A House of Lords committee has written to the culture secretary demanding clarification on how a post-Brexit trade deal will affect the UK’s “overlooked” creative industries, as Britain edges towards the Brexit transition period deadline.
In a letter to Oliver Dowden, the House of Lords EU Services sub-committee urged the government to provide a comprehensive update on the government’s efforts to secure an agreement with the EU that supports the UK’s creative industries.
It added that Britain’s creative sector is “often overlooked in the bigger picture of the UK-EU relationship”.
The letter highlighted that the UK’s creative industries are growing at more than twice the rate of the British economy, generating upwards of £100bn each year.
The sector, which employs more than 2m people in the UK, also produces more than £30bn in service exports each year, the letter noted.
“The creative industries form an important part of the cultural fabric of the UK. They shape our national conversations, help build social capital and are an important part of our soft power internationally.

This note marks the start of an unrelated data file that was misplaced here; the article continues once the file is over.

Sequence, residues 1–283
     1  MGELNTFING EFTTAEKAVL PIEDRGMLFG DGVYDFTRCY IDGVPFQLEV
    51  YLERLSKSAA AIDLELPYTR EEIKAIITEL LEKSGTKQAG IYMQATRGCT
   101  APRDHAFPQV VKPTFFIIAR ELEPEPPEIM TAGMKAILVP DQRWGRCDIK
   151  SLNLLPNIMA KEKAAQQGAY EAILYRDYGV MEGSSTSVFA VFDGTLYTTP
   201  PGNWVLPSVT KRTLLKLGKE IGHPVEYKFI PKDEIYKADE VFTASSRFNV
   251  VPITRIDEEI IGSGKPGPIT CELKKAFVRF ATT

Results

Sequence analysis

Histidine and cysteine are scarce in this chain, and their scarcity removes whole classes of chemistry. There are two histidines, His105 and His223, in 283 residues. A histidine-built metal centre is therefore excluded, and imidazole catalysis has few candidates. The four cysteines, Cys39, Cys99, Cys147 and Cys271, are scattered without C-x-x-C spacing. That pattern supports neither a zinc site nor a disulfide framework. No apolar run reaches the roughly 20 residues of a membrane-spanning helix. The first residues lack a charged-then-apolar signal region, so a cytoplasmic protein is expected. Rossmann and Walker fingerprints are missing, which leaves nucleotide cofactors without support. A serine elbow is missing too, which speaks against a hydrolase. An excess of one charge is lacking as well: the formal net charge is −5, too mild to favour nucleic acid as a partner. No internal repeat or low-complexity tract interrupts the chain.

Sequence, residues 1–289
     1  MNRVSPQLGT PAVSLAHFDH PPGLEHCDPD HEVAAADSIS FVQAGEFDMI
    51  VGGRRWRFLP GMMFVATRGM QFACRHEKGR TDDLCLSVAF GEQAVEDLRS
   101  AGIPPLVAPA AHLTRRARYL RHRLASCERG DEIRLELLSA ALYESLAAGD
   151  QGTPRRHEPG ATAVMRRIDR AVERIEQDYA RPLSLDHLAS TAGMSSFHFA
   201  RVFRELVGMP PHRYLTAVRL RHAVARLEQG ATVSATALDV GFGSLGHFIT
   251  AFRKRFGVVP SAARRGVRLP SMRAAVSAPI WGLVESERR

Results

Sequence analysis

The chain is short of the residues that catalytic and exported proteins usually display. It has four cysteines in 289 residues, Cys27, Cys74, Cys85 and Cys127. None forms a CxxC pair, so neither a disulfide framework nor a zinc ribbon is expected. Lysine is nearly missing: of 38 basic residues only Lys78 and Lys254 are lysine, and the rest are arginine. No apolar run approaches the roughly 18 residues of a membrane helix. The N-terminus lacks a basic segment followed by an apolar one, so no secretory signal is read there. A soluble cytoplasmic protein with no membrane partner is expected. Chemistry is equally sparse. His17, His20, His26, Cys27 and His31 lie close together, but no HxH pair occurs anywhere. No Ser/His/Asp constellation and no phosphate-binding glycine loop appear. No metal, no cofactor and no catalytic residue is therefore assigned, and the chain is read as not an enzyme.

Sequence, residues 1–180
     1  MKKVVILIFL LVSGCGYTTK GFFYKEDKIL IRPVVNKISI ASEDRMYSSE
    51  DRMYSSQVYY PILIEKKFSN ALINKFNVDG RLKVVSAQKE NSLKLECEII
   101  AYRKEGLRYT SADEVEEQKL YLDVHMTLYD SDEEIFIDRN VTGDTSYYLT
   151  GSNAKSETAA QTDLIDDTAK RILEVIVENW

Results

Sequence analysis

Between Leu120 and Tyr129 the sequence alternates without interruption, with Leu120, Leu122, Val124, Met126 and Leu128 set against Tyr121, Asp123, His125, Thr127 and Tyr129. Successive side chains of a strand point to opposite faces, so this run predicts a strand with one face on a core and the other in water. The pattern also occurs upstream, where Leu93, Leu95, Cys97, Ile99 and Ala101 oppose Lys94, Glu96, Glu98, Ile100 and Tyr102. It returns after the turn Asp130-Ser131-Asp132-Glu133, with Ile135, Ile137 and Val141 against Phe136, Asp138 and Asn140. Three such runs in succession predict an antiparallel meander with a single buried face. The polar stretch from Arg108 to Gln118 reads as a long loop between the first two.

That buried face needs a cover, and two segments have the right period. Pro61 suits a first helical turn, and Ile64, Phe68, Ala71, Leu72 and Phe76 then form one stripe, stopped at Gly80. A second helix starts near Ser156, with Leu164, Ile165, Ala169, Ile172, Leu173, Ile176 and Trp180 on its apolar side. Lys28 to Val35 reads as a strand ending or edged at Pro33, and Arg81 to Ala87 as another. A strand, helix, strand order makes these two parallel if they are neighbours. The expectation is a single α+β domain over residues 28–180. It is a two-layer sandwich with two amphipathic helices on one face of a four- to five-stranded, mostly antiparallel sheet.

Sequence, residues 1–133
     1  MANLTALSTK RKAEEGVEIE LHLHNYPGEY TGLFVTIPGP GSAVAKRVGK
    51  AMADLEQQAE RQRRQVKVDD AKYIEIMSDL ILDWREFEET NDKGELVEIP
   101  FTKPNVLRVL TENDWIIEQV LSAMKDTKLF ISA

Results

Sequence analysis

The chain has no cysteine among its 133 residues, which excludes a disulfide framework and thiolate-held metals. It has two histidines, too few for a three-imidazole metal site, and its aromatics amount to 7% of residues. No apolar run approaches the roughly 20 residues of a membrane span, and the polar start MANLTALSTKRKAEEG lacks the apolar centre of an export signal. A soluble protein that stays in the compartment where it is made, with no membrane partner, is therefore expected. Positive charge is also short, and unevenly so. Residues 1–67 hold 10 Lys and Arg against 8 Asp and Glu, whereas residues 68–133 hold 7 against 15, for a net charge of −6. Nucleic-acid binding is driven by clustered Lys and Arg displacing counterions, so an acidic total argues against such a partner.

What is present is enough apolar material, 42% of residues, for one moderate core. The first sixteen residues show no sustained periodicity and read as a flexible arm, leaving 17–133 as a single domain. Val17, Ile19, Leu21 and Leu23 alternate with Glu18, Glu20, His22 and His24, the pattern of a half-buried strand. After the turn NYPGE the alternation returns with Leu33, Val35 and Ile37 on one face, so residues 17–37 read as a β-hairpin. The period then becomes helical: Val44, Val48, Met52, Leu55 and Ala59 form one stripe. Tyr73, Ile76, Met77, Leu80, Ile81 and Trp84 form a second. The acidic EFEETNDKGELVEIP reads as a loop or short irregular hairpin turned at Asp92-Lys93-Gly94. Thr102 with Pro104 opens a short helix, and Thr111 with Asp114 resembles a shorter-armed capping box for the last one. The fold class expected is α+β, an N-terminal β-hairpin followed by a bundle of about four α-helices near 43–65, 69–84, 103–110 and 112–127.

“What arrangements is the government seeking to negotiate to mitigate potential future barriers for these services?” the peers said.
It urged the government to provide information on whether creative professionals will be able to travel freely around Europe after the UK officially leaves the bloc on 1 January 2021.
Musicians have warned that Brexit will kill off EU tours, with 71 per cent of more than 600 artists surveyed by the Incorporated Society of Musicians saying bookings had already dried up.
The cross-party group of peers also demanded clarity over whether the UK will still be eligible to benefit from EU creative funding schemes post-Brexit, and whether the government has plans to replace EU funding for film and broadcasting.
It comes as the UK’s creative sector has been battered by the pandemic, as social distancing measures continue to weigh on bottom lines as venues slowly re-emerge from months of lockdown.
Industry figures have warned that the chancellor’s injection of £1.54bn in emergency support for the sector will do little to assure survival in the long run.
Creative industries will be hit twice as hard by coronavirus as the UK economy overall, according to a study by Oxford Economics.
Revenues for the sector are forecast to drop by £74bn in 2020 — a 30 per cent fall year on year — while job losses are predicted to hit more than 400,000, as theatres, cinemas and performing arts venues have been forced to shutter for more than five months.
Industry figures have warned that reviving the UK’s creative industries will be vital to Britain’s economic strength post-Brexit.
Britain’s culture sector is disproportionately valuable for its residents compared to its population, according to data from Music by Numbers.